What Happens During A C-Section

What Happens During A C-Section
February 28th, 2022

What Happens During a C-Section?

Written By: Lexi C

About 1 in 3 babies are delivered via Cesarean in the U.S. If your doctor has scheduled one for you, you’ll want to know what to expect. Being mentally and emotionally prepared for a Cesarean and being aware of what the procedure entails is a good idea for every pregnant woman.

We’re breaking down the answers for you here, simply and clearly, so you know what to expect.


Who Performs a C-Section?

Your OB-GYN will perform your C-section, along with a team that includes an anesthesiologist, nurses (which may include a scrub nurse, delivery nurse, and neonatal nurse), and other medical personnel, such as a secondary surgeon.


Who Can Be In The Room During a C-Section?

Most hospitals allow just one individual in the room with you during a C-section. That person can be your co-parent, your mom, a good friend, or even a doula (they’re not just for vaginal births). However, if you end up having what’s considered an emergency C-section, hospital policy may bar anyone else from being in the room with you. Ask your OB-GYN about the possible scenarios so you know what to expect.


What Happens During a C-Section / How Does a C-Section Even Work?

During a C-section, your surgeon will make an incision through your abdomen – usually horizontal – another through your uterus, and then your baby will be extracted.

 The abdominal incision is usually made about one or two inches above the pubic hairline and is about 4-6 inches wide; your doctor will gently part the abdominal muscles, make a second incision through your uterus (also 4-6 inches wide), and deliver your baby. You won’t feel pain but may experience pressure or a pulling sensation. The type of uterine incision chosen may vary. You’ll also have a catheter inserted in your bladder and be hooked up to monitors that track your heart rate, blood pressure, etc., as you would with other surgeries.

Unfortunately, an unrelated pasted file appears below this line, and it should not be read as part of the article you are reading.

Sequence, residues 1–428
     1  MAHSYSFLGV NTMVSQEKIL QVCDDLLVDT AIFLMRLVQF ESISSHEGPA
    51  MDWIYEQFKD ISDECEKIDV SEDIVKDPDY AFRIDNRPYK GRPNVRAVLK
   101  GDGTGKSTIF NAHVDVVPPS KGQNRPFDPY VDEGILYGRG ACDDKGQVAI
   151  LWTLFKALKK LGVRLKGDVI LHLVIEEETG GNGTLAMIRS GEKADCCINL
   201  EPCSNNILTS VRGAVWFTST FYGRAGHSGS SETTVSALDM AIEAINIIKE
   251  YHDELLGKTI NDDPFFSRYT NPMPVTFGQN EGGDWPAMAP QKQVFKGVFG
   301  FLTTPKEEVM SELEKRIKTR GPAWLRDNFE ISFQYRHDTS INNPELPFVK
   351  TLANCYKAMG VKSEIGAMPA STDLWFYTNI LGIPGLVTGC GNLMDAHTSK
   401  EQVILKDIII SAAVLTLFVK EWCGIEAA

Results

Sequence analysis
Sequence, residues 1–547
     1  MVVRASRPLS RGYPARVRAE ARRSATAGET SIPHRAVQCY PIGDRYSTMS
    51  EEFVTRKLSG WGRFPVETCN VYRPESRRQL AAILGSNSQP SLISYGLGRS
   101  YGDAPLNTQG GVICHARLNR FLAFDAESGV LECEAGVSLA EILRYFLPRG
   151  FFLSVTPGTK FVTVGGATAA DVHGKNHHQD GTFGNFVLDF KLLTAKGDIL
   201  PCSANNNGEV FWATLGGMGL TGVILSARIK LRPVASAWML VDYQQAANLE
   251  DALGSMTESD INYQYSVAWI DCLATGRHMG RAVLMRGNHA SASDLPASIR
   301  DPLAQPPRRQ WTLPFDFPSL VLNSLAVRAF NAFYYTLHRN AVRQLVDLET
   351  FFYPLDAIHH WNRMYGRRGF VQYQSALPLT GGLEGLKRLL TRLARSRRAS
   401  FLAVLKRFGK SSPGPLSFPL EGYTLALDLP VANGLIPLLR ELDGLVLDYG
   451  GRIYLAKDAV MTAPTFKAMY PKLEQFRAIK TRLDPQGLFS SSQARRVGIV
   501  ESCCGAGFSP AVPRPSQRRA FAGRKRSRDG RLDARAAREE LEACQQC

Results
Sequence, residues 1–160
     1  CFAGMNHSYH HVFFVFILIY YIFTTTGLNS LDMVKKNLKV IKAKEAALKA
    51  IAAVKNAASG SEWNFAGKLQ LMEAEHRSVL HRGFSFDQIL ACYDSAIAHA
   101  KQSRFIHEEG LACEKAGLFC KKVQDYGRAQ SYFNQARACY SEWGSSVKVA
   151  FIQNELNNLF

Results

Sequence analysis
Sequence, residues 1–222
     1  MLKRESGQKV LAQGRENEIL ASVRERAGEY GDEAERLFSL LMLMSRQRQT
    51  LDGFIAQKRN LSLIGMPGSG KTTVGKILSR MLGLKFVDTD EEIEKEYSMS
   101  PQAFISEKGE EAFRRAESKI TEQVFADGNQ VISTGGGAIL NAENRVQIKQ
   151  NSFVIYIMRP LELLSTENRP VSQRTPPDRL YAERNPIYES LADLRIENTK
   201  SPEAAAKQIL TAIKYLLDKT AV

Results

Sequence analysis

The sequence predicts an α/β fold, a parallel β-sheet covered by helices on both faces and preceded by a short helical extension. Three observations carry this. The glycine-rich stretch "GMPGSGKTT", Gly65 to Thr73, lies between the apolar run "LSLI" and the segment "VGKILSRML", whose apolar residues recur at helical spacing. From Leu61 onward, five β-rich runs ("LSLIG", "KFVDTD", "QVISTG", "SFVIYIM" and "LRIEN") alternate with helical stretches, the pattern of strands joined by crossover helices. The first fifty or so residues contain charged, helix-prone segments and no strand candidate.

Once the baby is out, suction will be applied to his or her mouth and nose to clear the airway, the umbilical cord will be clamped and cut, and you’ll likely be able to see your baby immediately after that, just as with a vaginal birth.

Post-extraction your doctor will remove your placenta, close your uterine incision with dissolvable stitches, and then close your abdominal incision with either surgical staples, stitches, or glue.

Does a C-Section Cut Abdomibal Muscles?

Abdominal muscles can be cut during a C-section, but it’s not standard practice – in most cases your doctor will simply pull them apart to get to your uterus.

"From the first incision to your baby being laid on your chest to getting stitched up and wheeled out of the OR, the procedure typically takes about 40 minutes."

What The Heck Is a T-Incision C-Section?

So-called “T-incisions” are used on the uterine wall to access the womb and extract the baby. This method is the standard practice of OB-GYNs performing C-sections. They look like an upside-down “T” and make future, vaginal births a more viable option for you.

Will My Organs And Intestines Be Taken Out During a C-Section?

Nope, not usually. Your doctor will gently push them aside, just like they push aside your abdominal muscles, to get to your uterus and the baby. In some rare cases, your intestines may be temporarily taken out to help make it easier for your surgical team to see what they’re doing.

Anesthesia level will be determined by your medical team beforehand – you can expect to be conscious but numb from the waist down this is done or you may be put completely under with general anesthesia, depending on the situation. If it’s the latter you’ll wake up with a baby, and – not gonna lie – be immediately hit with post-op pain.

How Long Does a C-Section Take?

From the first incision to your baby being laid on your chest to getting stitched up and wheeled out of the OR, the procedure typically takes about 40 minutes.

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